Being able to work from home is exciting. No more sitting in traffic, your lunch will always be in the fridge, and the distracting humming from two cubes down will finally cease. You have built a distraction-free zone in your home, including motivational photos of your last vacation and even a cozy resting spot for your furry best friend. You may feel prepared to tackle the day-to-day challenges of telecommuting, but are you truly ready for what remote work means?
While working remotely can make it easier to balance your work and personal life, there are some considerations that are unique to the home office scenario. Since almost every work role–even remotely located ones–is team-oriented or involves at least some collaboration, you’ll need to follow proper remote work etiquette to ensure that your contributions are understood and appreciated.
Remote Work Etiquette Tip #1: Communicate, Communicate, Communicate
The first, second, third, and twentieth items on your list should be maintaining excellent communication with your coworkers and manager or supervisor. This will help you remain on top of the small work details that often develop in the course of impromptu office collaboration sessions, and which can be more difficult to keep up with when you’re remote and other employees are on location.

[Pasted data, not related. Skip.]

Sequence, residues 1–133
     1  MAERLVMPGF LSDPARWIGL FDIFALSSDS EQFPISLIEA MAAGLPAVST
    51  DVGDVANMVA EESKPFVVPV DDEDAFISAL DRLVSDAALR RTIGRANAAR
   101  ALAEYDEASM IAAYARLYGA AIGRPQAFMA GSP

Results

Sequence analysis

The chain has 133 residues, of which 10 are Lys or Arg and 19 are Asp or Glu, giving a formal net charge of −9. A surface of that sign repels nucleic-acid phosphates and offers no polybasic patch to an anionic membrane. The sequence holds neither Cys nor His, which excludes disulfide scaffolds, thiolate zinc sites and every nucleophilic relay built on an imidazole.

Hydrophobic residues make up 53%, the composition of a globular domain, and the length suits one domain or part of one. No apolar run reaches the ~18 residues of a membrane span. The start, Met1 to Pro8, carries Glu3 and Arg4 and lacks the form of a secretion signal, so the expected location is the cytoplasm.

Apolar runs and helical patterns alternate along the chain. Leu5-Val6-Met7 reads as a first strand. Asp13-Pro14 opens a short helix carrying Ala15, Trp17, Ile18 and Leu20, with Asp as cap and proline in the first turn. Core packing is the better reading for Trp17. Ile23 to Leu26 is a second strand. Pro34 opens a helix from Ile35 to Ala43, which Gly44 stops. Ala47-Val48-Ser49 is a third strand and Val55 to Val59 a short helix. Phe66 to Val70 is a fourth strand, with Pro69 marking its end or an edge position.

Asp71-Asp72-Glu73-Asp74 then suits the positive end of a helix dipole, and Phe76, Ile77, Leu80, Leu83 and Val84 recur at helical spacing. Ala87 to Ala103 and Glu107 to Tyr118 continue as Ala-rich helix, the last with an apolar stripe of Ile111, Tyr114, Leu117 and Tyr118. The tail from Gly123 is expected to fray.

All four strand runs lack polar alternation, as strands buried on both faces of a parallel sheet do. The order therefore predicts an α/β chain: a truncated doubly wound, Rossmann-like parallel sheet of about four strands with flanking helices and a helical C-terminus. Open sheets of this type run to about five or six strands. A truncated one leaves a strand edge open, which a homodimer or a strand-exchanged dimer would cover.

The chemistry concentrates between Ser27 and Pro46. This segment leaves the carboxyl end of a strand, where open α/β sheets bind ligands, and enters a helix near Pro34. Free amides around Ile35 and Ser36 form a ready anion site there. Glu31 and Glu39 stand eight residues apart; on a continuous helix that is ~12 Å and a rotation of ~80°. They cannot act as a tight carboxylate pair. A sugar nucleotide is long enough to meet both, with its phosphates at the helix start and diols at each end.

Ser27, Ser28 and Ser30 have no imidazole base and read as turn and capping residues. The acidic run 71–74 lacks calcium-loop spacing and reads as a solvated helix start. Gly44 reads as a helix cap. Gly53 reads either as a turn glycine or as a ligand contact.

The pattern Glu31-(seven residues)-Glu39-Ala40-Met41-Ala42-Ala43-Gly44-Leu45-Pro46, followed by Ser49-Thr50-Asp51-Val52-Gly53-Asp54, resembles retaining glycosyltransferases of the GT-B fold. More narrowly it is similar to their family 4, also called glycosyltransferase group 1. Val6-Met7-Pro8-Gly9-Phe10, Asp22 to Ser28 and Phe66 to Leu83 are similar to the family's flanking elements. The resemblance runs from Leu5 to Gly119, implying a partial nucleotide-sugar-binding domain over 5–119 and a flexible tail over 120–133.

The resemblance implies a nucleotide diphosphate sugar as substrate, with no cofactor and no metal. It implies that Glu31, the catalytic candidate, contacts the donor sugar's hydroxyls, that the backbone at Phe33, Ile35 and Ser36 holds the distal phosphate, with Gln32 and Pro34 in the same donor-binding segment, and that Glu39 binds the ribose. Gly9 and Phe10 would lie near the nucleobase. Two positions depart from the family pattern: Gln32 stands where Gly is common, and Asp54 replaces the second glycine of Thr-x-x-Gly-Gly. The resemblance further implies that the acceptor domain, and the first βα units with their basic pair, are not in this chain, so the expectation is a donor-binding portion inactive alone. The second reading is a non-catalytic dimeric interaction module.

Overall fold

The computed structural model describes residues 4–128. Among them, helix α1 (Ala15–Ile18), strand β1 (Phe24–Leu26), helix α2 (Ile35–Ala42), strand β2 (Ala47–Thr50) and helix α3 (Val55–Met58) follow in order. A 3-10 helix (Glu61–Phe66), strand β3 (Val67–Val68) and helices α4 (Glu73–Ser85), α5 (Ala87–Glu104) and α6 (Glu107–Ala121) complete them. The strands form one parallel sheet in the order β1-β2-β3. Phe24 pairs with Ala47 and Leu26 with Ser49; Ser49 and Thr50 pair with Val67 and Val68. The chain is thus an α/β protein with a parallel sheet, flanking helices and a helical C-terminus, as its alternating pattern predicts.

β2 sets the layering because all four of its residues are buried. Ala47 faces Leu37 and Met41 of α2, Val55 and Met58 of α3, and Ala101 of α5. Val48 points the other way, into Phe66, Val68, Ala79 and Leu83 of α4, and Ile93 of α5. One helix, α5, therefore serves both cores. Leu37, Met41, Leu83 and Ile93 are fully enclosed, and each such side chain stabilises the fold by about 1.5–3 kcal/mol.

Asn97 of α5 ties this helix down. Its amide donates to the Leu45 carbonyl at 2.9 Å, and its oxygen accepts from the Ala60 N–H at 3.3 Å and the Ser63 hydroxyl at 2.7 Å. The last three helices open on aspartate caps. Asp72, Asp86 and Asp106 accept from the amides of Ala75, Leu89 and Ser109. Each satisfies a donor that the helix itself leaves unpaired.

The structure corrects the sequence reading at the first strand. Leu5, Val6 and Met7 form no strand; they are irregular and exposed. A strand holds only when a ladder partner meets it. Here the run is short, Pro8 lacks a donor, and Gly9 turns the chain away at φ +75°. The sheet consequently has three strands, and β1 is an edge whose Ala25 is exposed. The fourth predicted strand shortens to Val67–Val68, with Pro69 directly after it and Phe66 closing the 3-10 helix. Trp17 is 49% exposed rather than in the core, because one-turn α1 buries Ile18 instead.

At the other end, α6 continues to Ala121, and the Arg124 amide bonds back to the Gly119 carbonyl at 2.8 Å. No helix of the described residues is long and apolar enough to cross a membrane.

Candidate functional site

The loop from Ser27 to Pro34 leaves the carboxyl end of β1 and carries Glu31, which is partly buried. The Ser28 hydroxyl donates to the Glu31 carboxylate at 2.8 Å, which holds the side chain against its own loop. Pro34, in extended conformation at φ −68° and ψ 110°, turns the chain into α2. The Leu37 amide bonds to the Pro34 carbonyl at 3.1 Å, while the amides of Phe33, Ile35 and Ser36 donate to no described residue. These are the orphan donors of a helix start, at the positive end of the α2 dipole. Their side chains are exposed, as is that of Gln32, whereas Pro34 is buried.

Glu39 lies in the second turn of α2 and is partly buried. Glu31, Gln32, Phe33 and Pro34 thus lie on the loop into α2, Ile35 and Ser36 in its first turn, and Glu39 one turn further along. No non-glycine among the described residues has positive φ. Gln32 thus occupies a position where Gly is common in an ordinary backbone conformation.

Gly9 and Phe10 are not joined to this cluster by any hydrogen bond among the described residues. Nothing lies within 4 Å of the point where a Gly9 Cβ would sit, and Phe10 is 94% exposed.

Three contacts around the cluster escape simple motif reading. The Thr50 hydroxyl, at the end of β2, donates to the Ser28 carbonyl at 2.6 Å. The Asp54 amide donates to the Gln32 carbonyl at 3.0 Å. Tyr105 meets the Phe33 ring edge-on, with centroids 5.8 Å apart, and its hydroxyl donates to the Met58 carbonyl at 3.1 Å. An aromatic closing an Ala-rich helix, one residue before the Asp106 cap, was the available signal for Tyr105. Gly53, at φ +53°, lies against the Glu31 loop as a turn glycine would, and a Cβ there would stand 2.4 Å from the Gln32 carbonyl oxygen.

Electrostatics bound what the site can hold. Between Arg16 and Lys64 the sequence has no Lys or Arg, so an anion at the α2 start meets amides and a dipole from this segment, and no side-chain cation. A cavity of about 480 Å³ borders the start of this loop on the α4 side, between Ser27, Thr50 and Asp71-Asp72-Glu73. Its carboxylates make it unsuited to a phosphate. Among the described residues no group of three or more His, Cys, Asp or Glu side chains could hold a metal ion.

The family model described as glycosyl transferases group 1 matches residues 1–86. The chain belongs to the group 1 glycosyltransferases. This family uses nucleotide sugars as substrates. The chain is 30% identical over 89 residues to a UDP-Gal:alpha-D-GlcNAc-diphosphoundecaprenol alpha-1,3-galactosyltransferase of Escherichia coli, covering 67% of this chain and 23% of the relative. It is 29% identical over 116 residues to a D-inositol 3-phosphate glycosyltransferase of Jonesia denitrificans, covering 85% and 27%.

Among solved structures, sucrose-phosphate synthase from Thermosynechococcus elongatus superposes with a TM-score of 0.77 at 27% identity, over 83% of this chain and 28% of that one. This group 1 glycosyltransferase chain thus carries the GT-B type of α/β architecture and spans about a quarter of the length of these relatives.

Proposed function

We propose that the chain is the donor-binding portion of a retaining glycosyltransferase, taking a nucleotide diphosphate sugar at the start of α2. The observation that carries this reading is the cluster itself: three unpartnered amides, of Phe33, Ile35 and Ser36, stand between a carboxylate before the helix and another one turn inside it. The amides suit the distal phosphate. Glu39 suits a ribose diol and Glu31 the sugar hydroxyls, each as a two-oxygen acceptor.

To prevent misunderstandings and make sure your voice is being heard, adopt a “when in doubt, ask” approach. This can keep you from assuming the worst when teammates go silent for longer than normal or when a comment in an email seems to be implying something negative.
Face-to-face time reduces misunderstandings and strengthens work relationships.
Potential issues like these reveal how important it is to be as clear as possible in your communications, as you will be functioning primarily without the non-verbal queues that set the tone of an exchange. Off-hand remarks or attempts at humor can be easily misread, making it crucial that all text communications be carefully worded.
This is a great reason to introduce video conferencing and team collaboration software into the mix. Products such as Microsoft Teams and Slack make it possible to easily start a video chat session with coworkers to share ideas, connect on a face-to-face level, and collaborate through document and screen sharing. Face-to-face time reduces misunderstandings and strengthens work relationships.